LONDON (Reuters) - New Barclays boss Bob Diamond and his two replacements as head of the investment banking arm were paid 28 million pounds ($45 million) last year, with the trio also receiving shares worth 40 million pounds for past performance.
After Britain’s banks pledged to show more restraint on pay under a peace deal struck with the government last month, politicians and unions slammed the payouts at a time when public sector jobs and wages are facing cuts.
Diamond was paid a bonus of 6.5 million pounds for last year when he was head of Barclays Capital, the investment bank arm, before he became group chief executive officer (CEO) at the start of this year.
BarCap’s new co-CEOs received bigger bonuses.
Jerry del Missier was paid 10.9 million pounds for last year and Rich Ricci received 10.6 million, Barclays said on Monday under pay disclosure rules required of UK banks.
The trio also received millions of shares under awards for their performances over the last five years.
Diamond received 2.1 million shares under the plans, worth 6.6 million pounds at current prices; del Missier received 5.1 million shares, worth 15.9 million pounds; and Ricci received 5.5 million shares, worth 17.3 million pounds. The awards were net of shares sold to pay taxes and other costs.
Stephen Williams, a politician who speaks for the coalition’s junior Liberal Democrat party on finance, said the pay award was “obscene.”
“The bankers collectively should be showing restraint at a tough time for everybody else. It is effectively saying we are in a different universe from the rest of you and we can carry on rewarding ourselves in this way why the rest of you all go and suffer,” he told Reuters.
The pay deals came at a time of growing divergence between Britain and its bankers over restructuring the industry.
Barclays also said 231 of its top staff -- dubbed “Code staff” who are involved in risk-taking decisions -- were paid 504 million pounds for 2010, or an average of 2.2 million each.
Barclays’ pay details emerged two days after Bank of England Governor Mervyn King warned the problems that caused the financial crisis had not been fixed, criticizing a culture of short-term profits and bonuses.
Barclays said its pay awards were in accordance with pay commitments made under the “Project Merlin” deal.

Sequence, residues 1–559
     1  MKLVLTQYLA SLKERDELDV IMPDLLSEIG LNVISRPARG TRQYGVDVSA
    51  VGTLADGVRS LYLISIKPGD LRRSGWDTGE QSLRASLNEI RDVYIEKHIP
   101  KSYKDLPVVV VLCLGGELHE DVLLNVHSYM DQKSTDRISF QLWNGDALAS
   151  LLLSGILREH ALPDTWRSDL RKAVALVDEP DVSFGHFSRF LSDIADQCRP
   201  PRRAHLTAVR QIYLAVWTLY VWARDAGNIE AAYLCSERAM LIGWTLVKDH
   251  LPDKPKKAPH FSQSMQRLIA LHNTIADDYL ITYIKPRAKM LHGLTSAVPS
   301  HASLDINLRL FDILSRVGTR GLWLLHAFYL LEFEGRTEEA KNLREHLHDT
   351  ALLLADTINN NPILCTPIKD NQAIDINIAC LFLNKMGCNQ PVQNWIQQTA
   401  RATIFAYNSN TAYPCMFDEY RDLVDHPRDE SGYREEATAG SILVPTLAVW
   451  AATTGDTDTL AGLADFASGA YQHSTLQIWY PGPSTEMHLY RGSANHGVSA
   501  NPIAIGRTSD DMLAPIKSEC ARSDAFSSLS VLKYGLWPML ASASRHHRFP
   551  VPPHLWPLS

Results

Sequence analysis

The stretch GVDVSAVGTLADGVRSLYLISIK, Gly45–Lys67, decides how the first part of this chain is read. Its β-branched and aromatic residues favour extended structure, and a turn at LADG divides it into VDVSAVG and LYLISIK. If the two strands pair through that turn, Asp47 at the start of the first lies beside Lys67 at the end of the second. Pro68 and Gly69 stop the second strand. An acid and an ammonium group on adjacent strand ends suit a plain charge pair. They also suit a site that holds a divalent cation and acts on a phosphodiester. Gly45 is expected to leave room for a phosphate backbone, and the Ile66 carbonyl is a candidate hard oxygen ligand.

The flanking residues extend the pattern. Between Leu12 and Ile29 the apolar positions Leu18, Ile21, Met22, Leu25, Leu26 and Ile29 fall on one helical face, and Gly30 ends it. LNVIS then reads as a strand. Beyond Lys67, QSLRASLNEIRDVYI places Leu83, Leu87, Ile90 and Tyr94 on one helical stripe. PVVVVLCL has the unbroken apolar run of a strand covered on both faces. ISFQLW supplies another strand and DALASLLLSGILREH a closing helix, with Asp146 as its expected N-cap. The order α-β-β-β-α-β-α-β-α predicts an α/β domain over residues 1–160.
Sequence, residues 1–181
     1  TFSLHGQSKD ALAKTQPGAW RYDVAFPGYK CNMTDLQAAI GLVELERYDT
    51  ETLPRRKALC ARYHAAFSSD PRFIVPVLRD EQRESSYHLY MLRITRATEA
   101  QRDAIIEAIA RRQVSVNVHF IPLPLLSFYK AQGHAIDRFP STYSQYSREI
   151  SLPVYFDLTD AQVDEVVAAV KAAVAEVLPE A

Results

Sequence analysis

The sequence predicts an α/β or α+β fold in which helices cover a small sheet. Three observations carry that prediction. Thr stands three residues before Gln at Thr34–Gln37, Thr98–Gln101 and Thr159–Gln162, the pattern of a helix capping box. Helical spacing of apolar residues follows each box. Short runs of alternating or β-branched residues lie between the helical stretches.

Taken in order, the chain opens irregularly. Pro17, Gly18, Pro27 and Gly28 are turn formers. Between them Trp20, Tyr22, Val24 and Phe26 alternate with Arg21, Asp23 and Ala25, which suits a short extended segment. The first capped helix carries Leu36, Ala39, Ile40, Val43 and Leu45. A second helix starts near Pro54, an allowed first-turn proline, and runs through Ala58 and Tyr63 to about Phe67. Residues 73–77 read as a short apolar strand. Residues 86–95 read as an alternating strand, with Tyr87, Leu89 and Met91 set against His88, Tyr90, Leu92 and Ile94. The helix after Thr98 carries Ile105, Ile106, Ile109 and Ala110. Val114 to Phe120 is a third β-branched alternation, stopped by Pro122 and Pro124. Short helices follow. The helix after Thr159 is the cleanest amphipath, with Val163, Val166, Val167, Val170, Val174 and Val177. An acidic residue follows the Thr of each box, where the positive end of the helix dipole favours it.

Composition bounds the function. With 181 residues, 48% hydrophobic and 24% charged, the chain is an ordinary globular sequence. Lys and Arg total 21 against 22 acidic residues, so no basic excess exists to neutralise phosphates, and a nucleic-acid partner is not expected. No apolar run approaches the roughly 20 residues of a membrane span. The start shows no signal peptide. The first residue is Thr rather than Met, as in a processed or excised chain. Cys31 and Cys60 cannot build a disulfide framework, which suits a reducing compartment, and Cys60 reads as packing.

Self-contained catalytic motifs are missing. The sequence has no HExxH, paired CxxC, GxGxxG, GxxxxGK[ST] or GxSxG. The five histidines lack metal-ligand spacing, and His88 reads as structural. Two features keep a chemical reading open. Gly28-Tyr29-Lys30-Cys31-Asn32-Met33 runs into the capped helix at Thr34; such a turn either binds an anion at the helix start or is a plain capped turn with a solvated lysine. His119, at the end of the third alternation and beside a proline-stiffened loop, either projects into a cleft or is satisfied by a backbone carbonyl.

Diamond, the Concord, Massachusetts-born son of two teachers, is one of the highest paid bankers in Europe and has often been a lightning rod for criticism in Britain of the industry’s big pay awards.
He waived his bonus for 2009 and 2008 but was paid 21 million pounds for 2007 and was described last year by former senior UK politician Peter Mandelson as “the unacceptable face of banking.”
The avid sports fan, 59, often draws parallels between sports and business and says he runs a meritocracy and rewards success.
Much of his wealth is in Barclays stock -- after the latest awards he owns 12.7 million shares, worth 40 million pounds.
His pay for 2010, which included a 250,000 base salary, was less than the 10 million pounds media reports had speculated he would receive. It was less than what he could have received amid continuing scrutiny of bankers’ pay in the UK, a person familiar with the matter said.
His 2010 award will not include any upfront cash. It will consist of deferred shares and the rest in an instrument that is linked to Barclays’ capital strength, as will much of del Missier’s and Ricci’s pay.
Barclays and its investment bank arm fared better than most rivals during the financial crisis and avoided taking taxpayer bailout cash.
Its profit rose 32 percent last year to 6.1 billion pounds, although top-line income at BarCap fell by a quarter after a tough year for capital markets activity.
John Varley, who stepped down as CEO at the start of this year, was paid 3.85 million pounds last year, including a 2.2 million pound bonus.
Last week UBS CEO Oswald Gruebel became the first head of a major bank to say he will forego his 2010 bonus after the wealth manager’s share price fell.
HSBC said last week its new chief executive, Stuart Gulliver, was paid 6.2 million pounds for last year, when he ran its investment bank.
Additional reporting by Tim Castle; Editing by David Cowell